Serena: Baring the Layers of Human Inconsistency

Dec 24, 2014 by

A screenshot from horror adventure game  Serena.

A screenshot from Serena.

“Hearts and thoughts, they fade, fade away,” goes an old Pearl Jam hit. The refrain sprung back from a corner of my mind as I thought once again about Serena, a free horror themed adventure game. Serena hasn’t left my mind in one manner or another since the credits rolled. The titular character is gone, missing, and her husband (inside their tiny, romanticized, cabin in the woods where the action takes place) is alone with no idea where she went. This is not about jump scares or terror. It has its twists – which I won’t give away, but ultimately, it’s about expectations. We want to put our best selves forward in any situation involving others, whether that is a romantic partner, a boss, or even on our social media profiles. The game does play tricks with perception as a conceit, and what we conceal and what we lay bare are matters you’ll be thinking about after the brief hour’s gameplay is over.

Horror utilizes unreliable narrators well, incongruities cluing us in that something is playing with time or perspective. Exploration is repetitive but compelling. As you piece the story together, what you’re really doing is uniting facades, layers, and the truth. The second and third acts of the game broaden the emotional range in a way that rounds out our narrator. We are not fractured selves, we are whole selves, ones that do believe in who we project outward while sometimes inconsistent with it.

Serena reminded me of Silent Hill 2’s James Sunderland, whose initial impression was the loving husband searching for his missing wife, Mary. Slowly, the layers of James’ personality are peeled back, as we also see some of Mary’s anger emerge. We often deny, sometimes willingly, and sometimes ignorantly, these other sides, our mistakes, and our flaws. Serena applies a veil of horror over these most human of traits, and does so memorably.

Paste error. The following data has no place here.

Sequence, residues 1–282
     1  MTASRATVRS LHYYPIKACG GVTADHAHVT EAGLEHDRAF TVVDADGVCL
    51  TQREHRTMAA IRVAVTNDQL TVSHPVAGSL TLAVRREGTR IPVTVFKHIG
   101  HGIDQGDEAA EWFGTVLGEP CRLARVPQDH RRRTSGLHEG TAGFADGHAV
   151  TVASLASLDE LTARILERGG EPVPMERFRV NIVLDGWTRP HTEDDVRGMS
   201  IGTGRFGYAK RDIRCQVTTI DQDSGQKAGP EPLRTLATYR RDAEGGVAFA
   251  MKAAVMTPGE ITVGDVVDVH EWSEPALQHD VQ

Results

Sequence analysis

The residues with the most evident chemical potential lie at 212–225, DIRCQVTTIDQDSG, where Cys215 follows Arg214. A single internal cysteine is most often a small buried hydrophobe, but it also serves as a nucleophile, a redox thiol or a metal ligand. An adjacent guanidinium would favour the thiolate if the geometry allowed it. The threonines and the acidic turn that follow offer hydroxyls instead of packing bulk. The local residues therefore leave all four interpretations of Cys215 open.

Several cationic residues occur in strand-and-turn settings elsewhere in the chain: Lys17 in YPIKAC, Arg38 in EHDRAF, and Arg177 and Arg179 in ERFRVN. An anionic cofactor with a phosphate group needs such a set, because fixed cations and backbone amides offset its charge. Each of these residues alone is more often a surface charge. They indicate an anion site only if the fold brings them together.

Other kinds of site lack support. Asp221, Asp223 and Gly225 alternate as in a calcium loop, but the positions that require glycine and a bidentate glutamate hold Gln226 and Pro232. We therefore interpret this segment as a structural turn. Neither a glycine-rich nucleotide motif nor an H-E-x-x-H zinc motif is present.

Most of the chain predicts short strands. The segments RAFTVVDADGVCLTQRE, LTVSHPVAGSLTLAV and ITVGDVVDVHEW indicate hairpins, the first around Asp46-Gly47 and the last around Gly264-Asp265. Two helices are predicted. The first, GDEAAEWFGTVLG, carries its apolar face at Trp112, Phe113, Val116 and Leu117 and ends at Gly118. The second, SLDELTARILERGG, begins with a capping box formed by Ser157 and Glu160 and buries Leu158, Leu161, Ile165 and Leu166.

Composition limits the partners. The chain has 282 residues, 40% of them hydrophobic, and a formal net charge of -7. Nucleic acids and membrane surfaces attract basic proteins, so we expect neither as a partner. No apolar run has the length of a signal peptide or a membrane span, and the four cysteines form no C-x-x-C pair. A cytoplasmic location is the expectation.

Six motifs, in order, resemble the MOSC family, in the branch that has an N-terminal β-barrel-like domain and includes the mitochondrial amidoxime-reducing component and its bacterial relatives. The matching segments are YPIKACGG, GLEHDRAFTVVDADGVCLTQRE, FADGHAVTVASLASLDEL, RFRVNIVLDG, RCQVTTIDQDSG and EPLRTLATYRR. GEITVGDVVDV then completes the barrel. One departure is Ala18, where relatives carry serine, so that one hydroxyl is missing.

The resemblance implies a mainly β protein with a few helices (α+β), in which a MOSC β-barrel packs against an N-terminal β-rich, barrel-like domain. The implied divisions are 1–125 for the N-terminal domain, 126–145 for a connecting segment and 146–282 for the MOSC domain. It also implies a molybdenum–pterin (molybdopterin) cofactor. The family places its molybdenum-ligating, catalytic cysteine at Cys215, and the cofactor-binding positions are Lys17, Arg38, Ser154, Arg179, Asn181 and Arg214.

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Some Heartbreak is Inevitable

Dec 22, 2014 by

Animal Crossing: New Leaf screenthos, featuring my villager with Apple, a hamster.

Animal Crossing: New Leaf screenshot, featuring my mayor with Apple, a hamster.

After playing almost daily for 18 months, sometime around six weeks ago, I said what have unexpectedly become the last things said to my villagers. You see, I haven’t played Animal Crossing: New Leaf in a while and I know that some heartbreak is inevitable. It’s a strong word, but in a game so dependent upon relationships, those pixels find ways to embed themselves in you.

I’m not sure why the pause that became a much longer break. I really enjoy visiting and talking to all my villagers and fought to keep as few of them as possible from leaving town. Once in a while one would slip through my protective grasp, never to return. Most of my town is made up of original villagers from my starting group, or was – I’m not quite sure who remains now. I’ve nearly turned on the 3DS more than once to peek in there and find out whose farewell letter might be at this moment gathering dust in my yet unfinished house’s mailbox. Perhaps more than one? As I prepare to do that very thing, restore power to the vessel, the impartial device, and give myself over to the loss of power that even a mayor can’t retain. Villagers, I’m coming back. I wonder if I hope things will be the same.

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